We know the nursing home is broken. Here’s how to fix it
By Dr. Joycelyn Elders, Steve McAlilly, and Susan Ryan
The COVID-19 pandemic laid bare the problems baked into America’s nursing home infrastructure. These issues – low pay for frontline staff, woefully outdated buildings, “semi-private” rooms housing up to four residents – should not have come as a surprise to those within the industry, but the stories of mass illness and death thrust the problems into the political and media mainstream like never before.
Still, nearly two years after the first outbreak at a facility outside of Seattle, the dialogue has largely stalled out: Lawmakers, reform advocates, residents, and families continue to decry the state of long-term care, but there has been little momentum to translate outrage into concrete solutions.
Earlier this year, six U.S. senators – including Senate Finance Committee chair Ron Wyden and Senate Aging Committee chair Bob Casey – took a major step to break through that impasse with the introduction of the Nursing Home Improvement and Accountability Act. Among its many reform measures, the bill would create a $1.3 billion pilot program to fund the conversion of traditional nursing facilities to small-home campuses with private rooms and baths, more collaborative care teams, and an emphasis on resident-centered programming.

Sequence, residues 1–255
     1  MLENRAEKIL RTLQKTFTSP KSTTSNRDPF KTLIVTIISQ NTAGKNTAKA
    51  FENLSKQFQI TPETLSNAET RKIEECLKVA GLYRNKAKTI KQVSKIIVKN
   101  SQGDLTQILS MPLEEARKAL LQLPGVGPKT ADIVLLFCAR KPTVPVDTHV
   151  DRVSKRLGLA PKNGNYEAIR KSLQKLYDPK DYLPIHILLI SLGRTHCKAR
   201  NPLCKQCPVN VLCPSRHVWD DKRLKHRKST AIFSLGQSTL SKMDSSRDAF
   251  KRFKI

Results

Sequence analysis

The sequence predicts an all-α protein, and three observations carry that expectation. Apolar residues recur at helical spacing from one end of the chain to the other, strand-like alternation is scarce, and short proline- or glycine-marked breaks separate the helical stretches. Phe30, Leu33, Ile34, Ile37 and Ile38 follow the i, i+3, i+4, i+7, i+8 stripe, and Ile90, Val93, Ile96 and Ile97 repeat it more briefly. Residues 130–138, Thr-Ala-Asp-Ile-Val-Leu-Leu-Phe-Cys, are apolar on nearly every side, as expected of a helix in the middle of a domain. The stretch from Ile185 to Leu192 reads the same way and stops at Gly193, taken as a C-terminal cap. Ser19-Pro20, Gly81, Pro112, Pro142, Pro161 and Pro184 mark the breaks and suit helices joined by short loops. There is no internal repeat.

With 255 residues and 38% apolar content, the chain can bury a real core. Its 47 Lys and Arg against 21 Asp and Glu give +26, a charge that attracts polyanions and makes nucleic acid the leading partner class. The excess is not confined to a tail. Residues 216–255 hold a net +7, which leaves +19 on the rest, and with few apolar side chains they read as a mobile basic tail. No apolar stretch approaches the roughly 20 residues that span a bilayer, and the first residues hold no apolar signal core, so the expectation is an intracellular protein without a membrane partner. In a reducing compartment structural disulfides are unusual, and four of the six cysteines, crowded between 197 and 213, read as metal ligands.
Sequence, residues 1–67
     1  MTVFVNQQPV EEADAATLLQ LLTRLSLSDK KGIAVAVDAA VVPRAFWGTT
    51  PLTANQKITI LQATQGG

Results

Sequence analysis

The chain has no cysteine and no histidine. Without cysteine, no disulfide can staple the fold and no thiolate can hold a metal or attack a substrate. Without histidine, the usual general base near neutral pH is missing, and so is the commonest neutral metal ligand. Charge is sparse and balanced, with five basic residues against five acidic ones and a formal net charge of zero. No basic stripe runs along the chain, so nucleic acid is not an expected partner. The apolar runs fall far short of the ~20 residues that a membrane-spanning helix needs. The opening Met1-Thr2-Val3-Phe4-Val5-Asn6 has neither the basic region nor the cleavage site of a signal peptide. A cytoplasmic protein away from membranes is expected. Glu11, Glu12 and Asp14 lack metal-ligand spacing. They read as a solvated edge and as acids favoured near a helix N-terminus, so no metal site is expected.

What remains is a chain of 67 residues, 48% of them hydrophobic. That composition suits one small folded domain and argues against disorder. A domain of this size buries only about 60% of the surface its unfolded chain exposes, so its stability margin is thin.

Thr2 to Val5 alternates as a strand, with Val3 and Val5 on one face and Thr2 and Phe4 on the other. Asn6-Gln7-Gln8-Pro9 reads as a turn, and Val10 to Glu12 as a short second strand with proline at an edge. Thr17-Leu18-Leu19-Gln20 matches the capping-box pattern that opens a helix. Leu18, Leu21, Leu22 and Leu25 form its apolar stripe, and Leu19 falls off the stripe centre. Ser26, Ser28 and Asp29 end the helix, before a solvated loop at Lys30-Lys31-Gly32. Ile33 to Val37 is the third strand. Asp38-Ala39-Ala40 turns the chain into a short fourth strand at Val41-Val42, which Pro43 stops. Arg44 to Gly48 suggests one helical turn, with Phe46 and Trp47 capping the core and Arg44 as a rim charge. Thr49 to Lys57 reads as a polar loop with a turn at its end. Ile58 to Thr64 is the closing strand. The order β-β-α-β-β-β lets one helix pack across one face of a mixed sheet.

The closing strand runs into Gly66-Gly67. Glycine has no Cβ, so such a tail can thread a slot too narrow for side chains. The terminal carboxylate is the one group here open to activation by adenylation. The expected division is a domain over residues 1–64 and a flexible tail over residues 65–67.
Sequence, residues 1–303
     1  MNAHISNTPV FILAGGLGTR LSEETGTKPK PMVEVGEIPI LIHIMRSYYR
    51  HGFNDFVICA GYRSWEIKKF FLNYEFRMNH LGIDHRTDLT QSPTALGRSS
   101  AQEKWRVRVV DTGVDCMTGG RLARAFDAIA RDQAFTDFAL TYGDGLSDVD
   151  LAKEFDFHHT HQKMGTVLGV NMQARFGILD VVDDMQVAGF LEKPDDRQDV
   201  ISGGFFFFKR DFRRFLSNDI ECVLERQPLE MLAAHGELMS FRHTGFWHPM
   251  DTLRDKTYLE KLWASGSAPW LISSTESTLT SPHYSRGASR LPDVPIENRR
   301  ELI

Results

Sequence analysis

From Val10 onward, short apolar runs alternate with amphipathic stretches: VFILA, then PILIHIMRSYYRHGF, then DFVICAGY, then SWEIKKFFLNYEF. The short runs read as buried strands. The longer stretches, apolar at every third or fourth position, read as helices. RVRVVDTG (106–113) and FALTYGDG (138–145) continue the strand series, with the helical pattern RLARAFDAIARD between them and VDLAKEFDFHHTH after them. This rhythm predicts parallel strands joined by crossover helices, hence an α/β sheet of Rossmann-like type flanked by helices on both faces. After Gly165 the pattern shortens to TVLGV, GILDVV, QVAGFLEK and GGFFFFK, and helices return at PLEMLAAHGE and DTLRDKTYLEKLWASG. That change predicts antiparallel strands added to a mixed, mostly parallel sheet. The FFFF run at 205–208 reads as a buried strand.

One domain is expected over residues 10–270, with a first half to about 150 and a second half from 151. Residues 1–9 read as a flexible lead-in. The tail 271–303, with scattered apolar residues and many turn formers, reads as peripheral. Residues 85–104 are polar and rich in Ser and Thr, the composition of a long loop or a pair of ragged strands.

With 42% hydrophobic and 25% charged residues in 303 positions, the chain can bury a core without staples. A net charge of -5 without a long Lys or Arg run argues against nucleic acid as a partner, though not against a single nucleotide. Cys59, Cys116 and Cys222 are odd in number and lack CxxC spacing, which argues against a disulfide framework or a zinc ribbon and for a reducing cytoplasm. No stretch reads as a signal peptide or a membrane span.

Some of the provisions in the Act have been incorporated into the reconciliation bill currently being debated in Congress, but the funding has not yet made the cut. While we wholeheartedly support reforms that will protect residents’ rights and safety within the existing system, we fear that current federal action is focused solely on reactive steps that will not bring about the sweeping, transformative change that America’s elders deserve.
The proposed demonstration program aligns closely with the work of our organization, The Green House Project. Since 2003, we have worked to achieve the end of institutional nursing homes as we have known them for decades, replacing these somewhat dismal mini-hospitals with small-home cottages where no more than about a dozen elders live in private bedrooms with private bathrooms. Tight-knit caregiving teams cook and serve meals in communal kitchens, mixing socialization in with care, and residents are encouraged to make meaningful connections to each other and nature – with unfettered access to outdoor spaces.
The Green House model and culture led to substantially fewer COVID-19 infections and deaths compared to traditional facilities. But even before COVID, there was plenty of evidence that seniors and their families prefer small-home nursing campuses and in-home services to the traditional nursing home – and that those newer models provide better, more empowering care at a comparable or lower cost. So why aren’t there more of these options?
The short answer is inertia. The current status quo took decades to harden, and reform efforts thus far haven’t been able to overcome entrenched interests. But for just about every roadblock, there’s a straightforward fix. The proposed pilot program is an incredibly important start, and here’s a blueprint that decision-makers can follow to clear the path for permanent change.